Navonim - The Ramblings of Garnel Ironheart

Navonim - The Ramblings of Garnel Ironheart
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Sunday, 29 June 2008

The Slippery Middle

It's not a suprise to realize that trending towards an extreme is far simpler than maintaining a compromise position. After all, which requires less effort? Accepting a complete package or creatinga customized one based on personal choice and intellectual investigation? Most people would say that the latter is preferable for a thinking person but the former answers a person's needs and questions in a quicker and easier fashion.

If one looks at general society, this trend towards extremes is easy to spot and has been gathering steam for the past few decades. Consider George W. Bush. Now, I don't think he's been a particularily good president but there are some things he's done as the leader of the Free World that should be remembered positively. However, if one is a registered Democrat in the States, it seems almost obligatory that one should hate Bush with every fibre of one's being and strive to see nothing even remotely positive about him. Part of being a Democrat, along with being pro-abortion and pro-union is being anti-Bush. You cannot have two without the third and call yourself a good Democrat, which is probably why Joe Lieberman is campaigning for John McCain instead of Barack Obama.

Consider the homosexual community. From my knowledge of and interaction with many members of that group, I can easily assert that their attitudes and outlooks are as varied as that of general society. There are those that are right wing and those that are left, those that believe in moral principles that reflect a traditional outlook and those that don't. But to read the newspaper and watch the news, one would quickly conclude that to be a "good" homosexual means to be a rabid leftist with a penchant for public erotic exhibitionism.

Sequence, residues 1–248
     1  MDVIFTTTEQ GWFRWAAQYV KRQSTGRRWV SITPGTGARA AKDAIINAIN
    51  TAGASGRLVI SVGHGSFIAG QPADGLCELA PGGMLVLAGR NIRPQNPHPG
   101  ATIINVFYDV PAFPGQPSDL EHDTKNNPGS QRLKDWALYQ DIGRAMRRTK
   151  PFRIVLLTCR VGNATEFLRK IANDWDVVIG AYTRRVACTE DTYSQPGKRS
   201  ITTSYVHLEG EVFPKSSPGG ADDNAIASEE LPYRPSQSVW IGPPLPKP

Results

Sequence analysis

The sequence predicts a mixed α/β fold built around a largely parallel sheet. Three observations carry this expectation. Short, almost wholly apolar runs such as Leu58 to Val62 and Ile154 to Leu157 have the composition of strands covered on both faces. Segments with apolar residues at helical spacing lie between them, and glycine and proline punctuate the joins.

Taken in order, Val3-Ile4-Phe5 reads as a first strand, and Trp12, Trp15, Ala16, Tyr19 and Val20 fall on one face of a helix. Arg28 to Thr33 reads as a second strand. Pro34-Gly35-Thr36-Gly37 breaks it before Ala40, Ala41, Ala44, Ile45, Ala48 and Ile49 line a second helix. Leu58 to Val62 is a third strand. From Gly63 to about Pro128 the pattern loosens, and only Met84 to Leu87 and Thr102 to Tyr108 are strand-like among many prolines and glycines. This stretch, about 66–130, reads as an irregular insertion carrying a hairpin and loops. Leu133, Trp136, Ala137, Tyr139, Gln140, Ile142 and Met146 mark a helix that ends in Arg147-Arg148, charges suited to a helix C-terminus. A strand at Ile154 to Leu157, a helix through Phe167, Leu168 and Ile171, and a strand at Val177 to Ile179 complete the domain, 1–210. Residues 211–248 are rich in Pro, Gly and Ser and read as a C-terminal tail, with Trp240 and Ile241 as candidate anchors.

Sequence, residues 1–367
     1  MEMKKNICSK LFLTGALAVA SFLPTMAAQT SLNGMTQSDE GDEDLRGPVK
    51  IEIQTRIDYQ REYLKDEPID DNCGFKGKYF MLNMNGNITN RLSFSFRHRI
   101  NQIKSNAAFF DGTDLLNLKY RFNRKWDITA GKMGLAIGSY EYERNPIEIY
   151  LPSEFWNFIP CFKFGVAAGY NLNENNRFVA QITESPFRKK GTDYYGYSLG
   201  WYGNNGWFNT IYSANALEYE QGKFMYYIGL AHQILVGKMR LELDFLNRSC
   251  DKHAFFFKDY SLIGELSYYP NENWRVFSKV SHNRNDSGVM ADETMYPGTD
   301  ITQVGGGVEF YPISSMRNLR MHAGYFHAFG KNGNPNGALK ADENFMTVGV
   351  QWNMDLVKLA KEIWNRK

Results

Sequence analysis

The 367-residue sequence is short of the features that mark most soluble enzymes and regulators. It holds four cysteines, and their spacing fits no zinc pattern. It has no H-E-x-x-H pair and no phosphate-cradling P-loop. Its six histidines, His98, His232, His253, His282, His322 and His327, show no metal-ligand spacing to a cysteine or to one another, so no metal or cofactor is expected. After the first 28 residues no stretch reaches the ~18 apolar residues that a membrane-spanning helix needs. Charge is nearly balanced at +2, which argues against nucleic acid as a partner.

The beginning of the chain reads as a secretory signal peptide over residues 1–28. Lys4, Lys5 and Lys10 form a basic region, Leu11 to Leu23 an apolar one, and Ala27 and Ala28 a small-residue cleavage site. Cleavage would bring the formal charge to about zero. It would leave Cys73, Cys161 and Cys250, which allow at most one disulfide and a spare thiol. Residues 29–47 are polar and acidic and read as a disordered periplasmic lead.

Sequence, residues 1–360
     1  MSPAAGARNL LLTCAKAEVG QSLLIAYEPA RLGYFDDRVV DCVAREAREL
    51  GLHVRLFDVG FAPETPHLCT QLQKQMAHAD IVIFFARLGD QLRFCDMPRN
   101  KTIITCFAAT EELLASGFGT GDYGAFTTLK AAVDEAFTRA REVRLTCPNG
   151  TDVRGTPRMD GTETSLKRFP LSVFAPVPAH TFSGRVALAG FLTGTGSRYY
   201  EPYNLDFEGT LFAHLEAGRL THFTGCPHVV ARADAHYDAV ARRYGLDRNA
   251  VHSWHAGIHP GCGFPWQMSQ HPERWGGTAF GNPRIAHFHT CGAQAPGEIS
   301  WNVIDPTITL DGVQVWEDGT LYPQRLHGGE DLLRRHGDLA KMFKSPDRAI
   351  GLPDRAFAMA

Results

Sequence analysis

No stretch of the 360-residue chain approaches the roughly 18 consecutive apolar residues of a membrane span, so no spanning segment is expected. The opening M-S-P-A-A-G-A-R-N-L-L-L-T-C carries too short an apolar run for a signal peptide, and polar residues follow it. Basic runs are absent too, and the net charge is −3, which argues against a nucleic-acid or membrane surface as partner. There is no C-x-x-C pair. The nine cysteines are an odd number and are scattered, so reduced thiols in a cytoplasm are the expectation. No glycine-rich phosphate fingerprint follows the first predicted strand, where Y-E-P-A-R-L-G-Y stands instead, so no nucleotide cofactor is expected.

Even within the Jewish world, the two extremes are coalescing at the expense of the middle. Eric Yoffie, in a recent interview, defined a Reform Jew in strikingly negative terms. In his view, the minute a Jew accepts a single mitzvah as an obligation instead of a suggestion, he ceases to be a Reform Jew. In other words, Reform is about the absolute, complete, 100% rejection of any authority on the person by an outside source such as God.

On the other side, the Chareidi community has accelerated its efforts to monopolize control of what constitutes the Torah observant community through its intimidation of the Rabbinical Council of America, deligitimization of Mizrachi and dismissal of Torah im Derech Eretz. The Chareidi view, that the only good Jew is a Chareidi Jew, is one that is being pronounced more forcefully in the public forum, to the detriment of those Jews who would like to be observant but not kissing cousins of the Neturei Karta.

One of the first casaulties has been Conservatism. Back in the 1950's and 60's, with the post-World War 2 trending away from extremism in Western culture, Conservatism was a religion ascendant. True Torah observance was seen as anachronistic and out of sync with the evolution of Western civilization while even then Reform was seen as shallow and unreflective of Jewish values. Today they are in steep decline as their members have come to wonder about the point of being neither here nor there. After all, a Conservative is (supposedly) not a Reformer in that he accepts some direction from Torah in his life but is not Orthodox since he accepts only that authority he wants to. Much of the membership has discovered that if one is not Orthodox, then one really is picking and choosing, developing a customized personal religion which is, in essence, Reform.

The next casualty might very well be Modern Orthodoxy. Here is a movement with a real identity issue, starting with it's name. As I've noted before, "modern" is a loaded term since it changes with the passage of time. What was modern, be it values, ethics or even toasters, in the 1960's is hopelessly out of date today. Modern implies constant shifting and constant shifting implies a lack of definite values.